And now we come to the passage we are examining, Hebrews XI. It is found in verse 16, where it is announced that the fathers of Israel desired “a better country, that is an heavenly. Wherefore God is not ashamed to be called their God; for He hath prepared for them a city”; and from Revelation 21:2,3, we learn that He will dwell with them in that city forever. Here is truth of the highest importance and most practical character.
These words give us the explanation of the fact that the Eternal God, the Almighty Creator, He who is infinite in power, wisdom and holiness, condescends to call Himself “the God of Abraham, of Isaac and of Jacob” (Ex. 3:6, 16; Matt. 22:32). There could be no more emphatic assertion of the oneness of God’s elect, the true “seed of Abraham” (Gal. 3:7,29), and of the truly fundamental truth that there is just “one hope,” one “common salvation” for them all, whether by nature they be Jews or Gentiles. And there could not be a more impressive refutation of the erroneous doctrine – now current amongst certain groups of Christians – that the biblical “hope of Israel” is a thing of earthly place and dominion. This is surely “another gospel,” very different indeed from the gospel God preached unto Abraham.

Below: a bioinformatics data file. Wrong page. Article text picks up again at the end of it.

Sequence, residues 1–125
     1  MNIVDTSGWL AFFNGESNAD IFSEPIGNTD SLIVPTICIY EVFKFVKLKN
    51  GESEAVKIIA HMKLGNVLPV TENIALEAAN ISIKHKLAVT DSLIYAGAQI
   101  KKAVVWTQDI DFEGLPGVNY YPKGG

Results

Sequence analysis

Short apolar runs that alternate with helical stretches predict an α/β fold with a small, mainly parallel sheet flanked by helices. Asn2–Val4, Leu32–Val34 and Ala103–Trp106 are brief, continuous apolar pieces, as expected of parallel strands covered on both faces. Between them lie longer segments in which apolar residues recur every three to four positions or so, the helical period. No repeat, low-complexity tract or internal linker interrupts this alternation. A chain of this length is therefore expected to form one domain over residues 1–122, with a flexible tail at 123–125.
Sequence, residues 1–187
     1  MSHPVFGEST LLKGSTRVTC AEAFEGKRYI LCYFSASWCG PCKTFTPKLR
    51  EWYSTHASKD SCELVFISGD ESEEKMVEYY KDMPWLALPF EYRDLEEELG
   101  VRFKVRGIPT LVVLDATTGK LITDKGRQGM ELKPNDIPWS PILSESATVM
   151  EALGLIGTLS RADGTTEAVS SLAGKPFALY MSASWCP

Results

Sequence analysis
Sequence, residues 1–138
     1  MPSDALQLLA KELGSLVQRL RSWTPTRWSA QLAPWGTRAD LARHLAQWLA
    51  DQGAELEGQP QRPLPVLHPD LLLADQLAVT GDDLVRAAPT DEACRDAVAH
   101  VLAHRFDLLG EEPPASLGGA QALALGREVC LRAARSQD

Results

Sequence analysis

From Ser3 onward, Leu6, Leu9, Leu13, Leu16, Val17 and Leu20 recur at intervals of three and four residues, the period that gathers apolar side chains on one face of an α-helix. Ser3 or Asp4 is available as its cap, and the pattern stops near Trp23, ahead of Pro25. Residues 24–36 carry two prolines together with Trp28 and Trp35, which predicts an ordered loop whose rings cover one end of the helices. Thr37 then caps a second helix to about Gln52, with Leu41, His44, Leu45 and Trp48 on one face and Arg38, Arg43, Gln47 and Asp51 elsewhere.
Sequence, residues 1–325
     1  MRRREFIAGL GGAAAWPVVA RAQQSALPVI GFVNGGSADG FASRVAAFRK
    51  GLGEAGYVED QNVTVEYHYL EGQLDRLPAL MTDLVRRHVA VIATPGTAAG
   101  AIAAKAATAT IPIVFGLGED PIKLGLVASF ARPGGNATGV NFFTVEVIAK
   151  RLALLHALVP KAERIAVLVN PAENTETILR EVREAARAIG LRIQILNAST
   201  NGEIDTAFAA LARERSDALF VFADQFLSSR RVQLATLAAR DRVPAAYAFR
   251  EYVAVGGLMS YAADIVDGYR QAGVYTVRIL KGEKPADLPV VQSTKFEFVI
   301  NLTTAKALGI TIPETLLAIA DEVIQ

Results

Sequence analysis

We should take notice in this connection of the fact that the apostles of Christ, and they who follow their teaching, were (and are) looking for the very same things which were in the vision of the fathers of Israel; for as Peter – writing “to them that have obtained like precious faith with us” (the apostles of Christ) says:
“We, according to His promise, look for new heavens and a new earth wherein dwelleth righteousness” (2 Pet. 3:13).
Thus the outlook of the true Israel of God, that “holy nation” which is, and always was, composed only of those who are “of the faith of Abraham, who is the father of us all” (Rom. 4:16), was ever the same. And it was, as we should expect, a radically different outlook from that of the apostate Jews, who looked for an age (or “dispensation” as it is now called) of earthly glory for the reconstituted Jewish nation; an age in which that nation will occupy the place of dominance.